Spring has come early to western Kansas, as it has to much of the West - temperatures in the low 80s, gentle breezes at about 20 nautical miles per hour, gusting to 35. Nothing to keep an old man off the bicycle - quite the contrary. If you can't rack up elevation gains during the daily bout of cycling, wind resistance is the next best thing - if, that is, you can master the irritability that comes of riding section lines along sandy roads on a windy day.
I don't actually reside in Kansas, but it's the wind out here that brings me down from the Colorado highlands and gives me my daily bread in this Martian landscape farther east. I'm spending my days in a field office, set among greening fields of winter wheat alternating with corn stubble, making daily forays on a mountain bike of venerable years and aspect just to keep my tone up and my native affability in some fettle. Not a bad life for a geezer, if like me you prefer solitude and the company of curlews to that of commissioners, counselors, clerics, counts, cardinals, carpenters, cornhuskers, contortionists, confidence men, costermongers, curates, commercial travellers and constables.
Long-billed Curlew (J.J. Audubon)
Rural Kansas does have its drawbacks. For one thing, the place is carpeted from one end to the other, town and country, with the dreaded Tribulus terrestris. In the spring the new plant is benign enough in aspect, if a bit stringy.
But "tribulus" is a dead giveaway. This is a branching, flowering, low-growing plant, one of the Ten Plagues of Egypt along with frogs, locusts, boils, hyperactive children, surveillance satellites, installment funerals and robocalls. Like the Evil One, its names are legion - bullhead, burra gokharu, caltrop, cat's head, devil's eyelashes, devil's thorn, devil's weed, goathead, puncturevine, tackweed. A caltrop is one of those three-legged pronged thingies that an unsuspecting enemy is intended to step on and be disabled from further combat, thus:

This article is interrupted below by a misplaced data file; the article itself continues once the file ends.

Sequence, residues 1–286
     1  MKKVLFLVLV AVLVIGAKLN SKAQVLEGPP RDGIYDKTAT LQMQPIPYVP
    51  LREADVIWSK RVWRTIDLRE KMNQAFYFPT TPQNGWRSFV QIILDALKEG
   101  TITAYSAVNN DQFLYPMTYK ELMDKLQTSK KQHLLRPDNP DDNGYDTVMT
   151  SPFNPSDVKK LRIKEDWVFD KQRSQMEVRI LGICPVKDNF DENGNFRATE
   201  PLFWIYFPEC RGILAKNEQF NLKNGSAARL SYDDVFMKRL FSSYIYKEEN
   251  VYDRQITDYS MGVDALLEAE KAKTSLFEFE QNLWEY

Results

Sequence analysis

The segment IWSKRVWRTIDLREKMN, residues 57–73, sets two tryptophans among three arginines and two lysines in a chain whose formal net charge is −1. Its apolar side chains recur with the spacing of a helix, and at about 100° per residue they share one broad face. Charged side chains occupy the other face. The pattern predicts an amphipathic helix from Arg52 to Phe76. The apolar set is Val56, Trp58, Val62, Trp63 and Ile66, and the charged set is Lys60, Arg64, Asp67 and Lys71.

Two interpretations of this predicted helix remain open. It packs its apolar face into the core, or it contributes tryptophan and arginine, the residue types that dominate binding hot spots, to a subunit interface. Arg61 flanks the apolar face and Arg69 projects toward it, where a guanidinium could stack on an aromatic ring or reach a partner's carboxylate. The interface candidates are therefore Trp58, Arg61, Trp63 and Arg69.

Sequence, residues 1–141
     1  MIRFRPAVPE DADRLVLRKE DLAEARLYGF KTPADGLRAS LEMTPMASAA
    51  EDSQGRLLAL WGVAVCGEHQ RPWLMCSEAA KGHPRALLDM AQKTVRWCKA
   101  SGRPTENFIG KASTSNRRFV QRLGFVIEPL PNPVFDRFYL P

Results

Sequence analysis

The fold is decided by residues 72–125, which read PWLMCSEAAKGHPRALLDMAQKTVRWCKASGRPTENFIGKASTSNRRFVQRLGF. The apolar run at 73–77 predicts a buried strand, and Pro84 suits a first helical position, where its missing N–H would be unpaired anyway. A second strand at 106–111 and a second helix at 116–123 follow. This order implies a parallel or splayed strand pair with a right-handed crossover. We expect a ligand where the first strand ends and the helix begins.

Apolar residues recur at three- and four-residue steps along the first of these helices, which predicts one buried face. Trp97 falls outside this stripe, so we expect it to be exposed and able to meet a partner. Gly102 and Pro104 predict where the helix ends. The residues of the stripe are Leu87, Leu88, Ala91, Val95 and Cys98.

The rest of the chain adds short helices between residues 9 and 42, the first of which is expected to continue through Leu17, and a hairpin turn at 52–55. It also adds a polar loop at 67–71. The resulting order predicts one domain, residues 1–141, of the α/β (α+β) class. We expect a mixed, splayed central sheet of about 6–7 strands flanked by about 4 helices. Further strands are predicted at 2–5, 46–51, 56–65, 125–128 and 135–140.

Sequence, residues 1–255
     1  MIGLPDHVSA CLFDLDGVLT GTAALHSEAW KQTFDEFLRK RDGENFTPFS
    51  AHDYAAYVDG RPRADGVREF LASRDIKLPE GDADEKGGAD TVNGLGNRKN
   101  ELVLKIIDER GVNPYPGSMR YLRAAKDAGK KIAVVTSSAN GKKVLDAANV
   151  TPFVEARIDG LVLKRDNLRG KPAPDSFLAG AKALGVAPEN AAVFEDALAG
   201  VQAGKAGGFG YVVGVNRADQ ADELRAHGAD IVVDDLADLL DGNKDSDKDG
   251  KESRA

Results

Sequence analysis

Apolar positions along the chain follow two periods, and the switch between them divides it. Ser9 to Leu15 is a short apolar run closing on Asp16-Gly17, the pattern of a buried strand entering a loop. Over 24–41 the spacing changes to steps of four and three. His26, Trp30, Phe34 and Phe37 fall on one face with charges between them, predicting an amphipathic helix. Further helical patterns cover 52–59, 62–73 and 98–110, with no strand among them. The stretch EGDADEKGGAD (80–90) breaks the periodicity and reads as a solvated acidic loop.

The Romans, who used them in antiquity, called them "tribuli," - hence the name of the plant. I've always known it as goathead, all the while acknowledging it as the Devil's own handiwork. The flowers give way to fruit . . .
. . . which dries in the summer sun to an incorruptible, indestructible, everlasting, omnipresent hazard the size of a small pebble with the half-life of plutonium. The thorn never decays, never disintegrates, never entirely dissolves its substance into something organic and benign. It litters fields and farm tracks, piling up generation on generation; farm machinery drags it into roadways on its tires; the county road grader pulls it into roadways while grading the verges. The work of Satan is everywhere to be found, lying in wait, seeking the unwary whose bicycle tires it may devour.
Several weeks ago, on an unseasonably warm February day, I ventured out on my old bicycle across the rural landscape, found myself about seven miles from the field office at a dead end. The only reasonable course, short of simply backtracking the way I'd come, was a two-lane farm track that cut along a half-section to the next county road a mile to the north. I took the farm track and in a quarter-mile of careful riding both my tires were fuzzy with goatheads.
I pulled one, heard a slow sussuration of escaping air, so I pulled the rest. It took me 15 minutes to clean both tires of them, by which time both tires were flat. Midway through the operation it dawned that my tire pump was still in the office. But the insides of the tire casings bristled with the broken ends of countless spines - even the tube I carried in my pocket would have been flat in a second. After a five-mile walk and within two miles of the office a school bus driver heading back to the bus garage finally gave me a lift.
Today's ride was uneventful. Even riding along a clean, packed dirt road, I picked up an occasional thorn. But I had taken care to replace my standard inner tubes with "Goo Tubes," tubes filled with some sort of green slimey polymer that immediately flows into a puncture. So far, so good.
I was a scant mile from returning to my start point, thorn free, flat free, when I passed a final farmstead which I knew to be the residence of two charming little Mennonite sisters and a pair of overly zealous and prosecutorial dogs. Sure enough, there were the sisters tearing across a field on a tiny red motorized four-wheeler, waving madly, long gowns aflutter. And there were the dogs, at a disadvantageous distance to be sure, but eager to close on me, which they promptly did to the futile remonstrances of their small mistresses. The larger dog was a bit lugubrious about the pursuit, not wishing to run quite so hard for his sport but spurred on by his partner in crime, a miniature schnauzer whose demeanor seemed considerably less . . . predictable. Summer is returning to Kansas.
Never asleep, never on a leash